Movable and immovable assets

As discussed above, current Vietnamese law does not permit foreign lenders to take a mortgage over land use rights or immovable assets located on land; it is, however, permissible for foreign lenders to take a mortgage or pledge over movable assets.

Contractual rights

A mortgage of contract rights (including rights under insurance contracts) is generally permissible and can be perfected under the law of Vietnam.

Lenders should consider requiring consent from the borrower's counterparties for any mortgage of the underlying contracts. Counterparties should be required to give acknowledgment and consent providing for, among other things, (1) step-in rights enabling the lenders to replace the borrower as a party under the relevant project agreements, or (2) the requirement that any payment from the counterparties be made to the account designated by the lenders, or both. However, state-owned enterprises being counterparties may be reluctant to give such acknowledgment and consent.


Vietnamese law specifically recognises a mortgage over receivables, which can be perfected under the law of Vietnam. Enforcement of receivables requires assistance from the relevant counterparties. Therefore, similar to the contractual rights, the borrower should be required to obtain consent from its counterparties for a mortgage over receivables.

Bank accounts

A mortgage of bank accounts and the balance standing to the credit of the bank account is allowed and can be perfected under the law of Vietnam.

Conceptually, lenders and borrowers may have a contractual agreement on set-off of the loan obligation when due against the credit balances in the accounts of the borrowers opened with the lenders. In addition, the lender and the borrower may also agree that the lender is entitled to the credit balances in the accounts of the borrower opened with other banks for the payment of the loan obligation when due. In this case, authorisation by the borrower to, and undertaking to the lender by, the other banks should be procured.

Aircraft and vessels

Security over aircraft may be created by way of a mortgage or pledge, but security over vessels may only be created by way of a mortgage.

Creation and perfection of security

A security transaction is created by an agreement between the securing and the secured parties. There is no restriction under Vietnamese law on taking security over all or substantially all of the assets of a company. However, the security interests should not be documented in a single security agreement given that the security arrangement will be registered with the different registrars depending on the types and locations of the secured assets.

The security agreement will be effective as of the execution date, unless otherwise agreed by the parties or provided by law (e.g., a land use right mortgage agreement will be effective as of the time of registration in the cadastral register). The security agreement over the land use right or the security agreement over the land use right and assets attached to the land must be notarised or authenticated, except for where parties or a party to the security agreement are enterprises operating in real estate business; the notarisation must be implemented at a notary office and the authentication must be implemented at the commune people's committees.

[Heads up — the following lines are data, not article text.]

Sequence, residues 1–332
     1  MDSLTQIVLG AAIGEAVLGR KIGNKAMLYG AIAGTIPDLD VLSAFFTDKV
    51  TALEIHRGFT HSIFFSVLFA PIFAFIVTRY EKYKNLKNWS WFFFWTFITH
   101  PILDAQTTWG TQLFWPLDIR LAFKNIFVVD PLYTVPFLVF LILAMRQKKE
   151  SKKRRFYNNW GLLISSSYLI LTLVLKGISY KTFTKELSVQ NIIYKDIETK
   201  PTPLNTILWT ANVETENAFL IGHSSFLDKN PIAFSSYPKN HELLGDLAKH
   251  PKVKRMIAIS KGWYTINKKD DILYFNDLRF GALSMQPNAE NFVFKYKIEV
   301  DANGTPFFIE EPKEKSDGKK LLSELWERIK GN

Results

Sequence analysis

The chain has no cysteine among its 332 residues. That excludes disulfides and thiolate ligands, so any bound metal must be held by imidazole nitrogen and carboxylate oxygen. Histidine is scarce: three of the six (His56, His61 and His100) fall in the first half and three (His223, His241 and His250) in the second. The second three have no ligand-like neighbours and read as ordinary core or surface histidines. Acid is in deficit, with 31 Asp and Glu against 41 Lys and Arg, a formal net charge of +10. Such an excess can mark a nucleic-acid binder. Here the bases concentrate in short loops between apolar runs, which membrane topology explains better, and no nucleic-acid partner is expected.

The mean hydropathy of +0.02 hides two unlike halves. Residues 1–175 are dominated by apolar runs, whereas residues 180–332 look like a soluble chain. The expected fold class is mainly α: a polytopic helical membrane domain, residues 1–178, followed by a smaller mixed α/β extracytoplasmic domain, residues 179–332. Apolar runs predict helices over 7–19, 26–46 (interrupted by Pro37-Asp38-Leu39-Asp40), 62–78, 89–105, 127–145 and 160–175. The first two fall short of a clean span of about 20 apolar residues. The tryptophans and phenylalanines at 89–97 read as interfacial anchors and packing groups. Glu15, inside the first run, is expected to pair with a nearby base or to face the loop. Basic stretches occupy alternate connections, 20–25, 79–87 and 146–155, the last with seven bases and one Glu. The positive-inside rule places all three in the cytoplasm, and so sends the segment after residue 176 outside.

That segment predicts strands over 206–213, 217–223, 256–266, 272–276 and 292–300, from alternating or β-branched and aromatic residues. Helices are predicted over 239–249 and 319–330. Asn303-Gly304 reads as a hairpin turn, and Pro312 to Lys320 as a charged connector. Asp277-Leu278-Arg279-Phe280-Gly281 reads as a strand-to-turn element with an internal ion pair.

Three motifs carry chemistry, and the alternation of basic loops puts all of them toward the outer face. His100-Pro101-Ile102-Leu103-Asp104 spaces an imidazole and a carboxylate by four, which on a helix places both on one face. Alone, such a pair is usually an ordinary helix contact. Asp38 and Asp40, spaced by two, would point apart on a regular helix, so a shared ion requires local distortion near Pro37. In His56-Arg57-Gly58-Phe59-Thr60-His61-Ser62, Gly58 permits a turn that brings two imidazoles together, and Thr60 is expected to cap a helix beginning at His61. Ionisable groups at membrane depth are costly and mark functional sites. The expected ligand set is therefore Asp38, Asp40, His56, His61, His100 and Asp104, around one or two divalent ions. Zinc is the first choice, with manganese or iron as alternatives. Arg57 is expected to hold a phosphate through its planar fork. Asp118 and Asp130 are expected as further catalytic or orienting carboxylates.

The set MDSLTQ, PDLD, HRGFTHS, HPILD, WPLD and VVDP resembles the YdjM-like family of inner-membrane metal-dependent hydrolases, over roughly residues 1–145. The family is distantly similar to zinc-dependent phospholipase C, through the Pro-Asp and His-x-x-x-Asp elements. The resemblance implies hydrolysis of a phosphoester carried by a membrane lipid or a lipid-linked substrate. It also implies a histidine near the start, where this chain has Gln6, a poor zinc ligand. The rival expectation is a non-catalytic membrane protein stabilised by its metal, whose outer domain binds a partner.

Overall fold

Generally, security interest created over property in Vietnam will be enforceable against third parties as of the time when, inter alia, the security is registered, or the secured party keeps or holds the secured. Security over movable assets (other than aircraft and vessels), property rights and shares will be registered with the Centre for Registration of Transactions and Assets of the National Registration Agency for Secured Transactions (NRAST) under the Ministry of Justice of Vietnam. In addition to registration with the NRAST, the shares of public companies deposited with the VSD will be blocked by it upon creation of a security over such shares. The Civil Aviation Authority of Vietnam under the Ministry of Transport will register security assets being aircraft, whereas the Vietnam Maritime Administration, or maritime bureaus and port authorities as delegated by the Vietnam Maritime Administration, under the Ministry of Transport, will register security assets being vessels. Security over land use rights and assets attached to land will be registered in land registration offices under the Ministry of Natural Resources and Environment.

There are certain administrative fees related to the security transaction registration. The registration fee at the NRAST is 80,000 Vietnamese dong per application. For registration at a land registration office, the registration fee will be occasionally decided by the provincial people's council. For registration at the Civil Aviation Authority of Vietnam, the fee will be determined by the value of each security transaction, ranging from 1.8 million to 18 million Vietnamese dong. The registration fee at the Vietnam Maritime Administration is 80,000 Vietnamese dong per application. For voluntary securities blockade services at the VSD, service fees are determined based on the number of securities offered for the blockade, ranging from 5 million to 150 million Vietnamese dong.